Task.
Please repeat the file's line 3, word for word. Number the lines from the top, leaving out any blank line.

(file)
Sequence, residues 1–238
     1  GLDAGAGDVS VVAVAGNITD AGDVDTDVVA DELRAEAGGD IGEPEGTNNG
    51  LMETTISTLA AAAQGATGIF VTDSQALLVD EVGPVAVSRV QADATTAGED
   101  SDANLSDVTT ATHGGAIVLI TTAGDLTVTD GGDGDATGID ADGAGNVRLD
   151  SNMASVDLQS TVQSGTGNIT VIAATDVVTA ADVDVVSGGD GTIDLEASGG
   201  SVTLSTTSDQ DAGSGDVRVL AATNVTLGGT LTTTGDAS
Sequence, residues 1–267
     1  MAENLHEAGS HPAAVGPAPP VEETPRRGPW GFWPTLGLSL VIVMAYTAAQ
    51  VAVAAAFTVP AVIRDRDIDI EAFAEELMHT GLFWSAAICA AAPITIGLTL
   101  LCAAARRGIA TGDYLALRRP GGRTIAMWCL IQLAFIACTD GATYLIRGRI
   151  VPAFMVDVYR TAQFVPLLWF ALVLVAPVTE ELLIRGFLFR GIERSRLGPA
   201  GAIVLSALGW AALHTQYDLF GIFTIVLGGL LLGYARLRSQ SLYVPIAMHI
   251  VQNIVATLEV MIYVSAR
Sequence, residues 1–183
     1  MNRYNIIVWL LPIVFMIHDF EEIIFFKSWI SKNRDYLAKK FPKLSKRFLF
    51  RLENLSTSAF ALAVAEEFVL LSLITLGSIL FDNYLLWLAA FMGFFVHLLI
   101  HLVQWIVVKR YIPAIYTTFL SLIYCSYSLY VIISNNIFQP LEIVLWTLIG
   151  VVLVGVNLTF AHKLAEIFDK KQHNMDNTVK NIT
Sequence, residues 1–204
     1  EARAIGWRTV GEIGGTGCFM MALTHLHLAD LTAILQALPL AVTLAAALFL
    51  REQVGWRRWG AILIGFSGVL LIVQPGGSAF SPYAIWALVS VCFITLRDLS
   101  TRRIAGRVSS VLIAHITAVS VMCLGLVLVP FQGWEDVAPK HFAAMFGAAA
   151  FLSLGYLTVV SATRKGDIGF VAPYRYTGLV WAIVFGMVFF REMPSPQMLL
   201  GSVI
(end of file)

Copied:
    51  LMETTISTLA AAAQGATGIF VTDSQALLVD EVGPVAVSRV QADATTAGED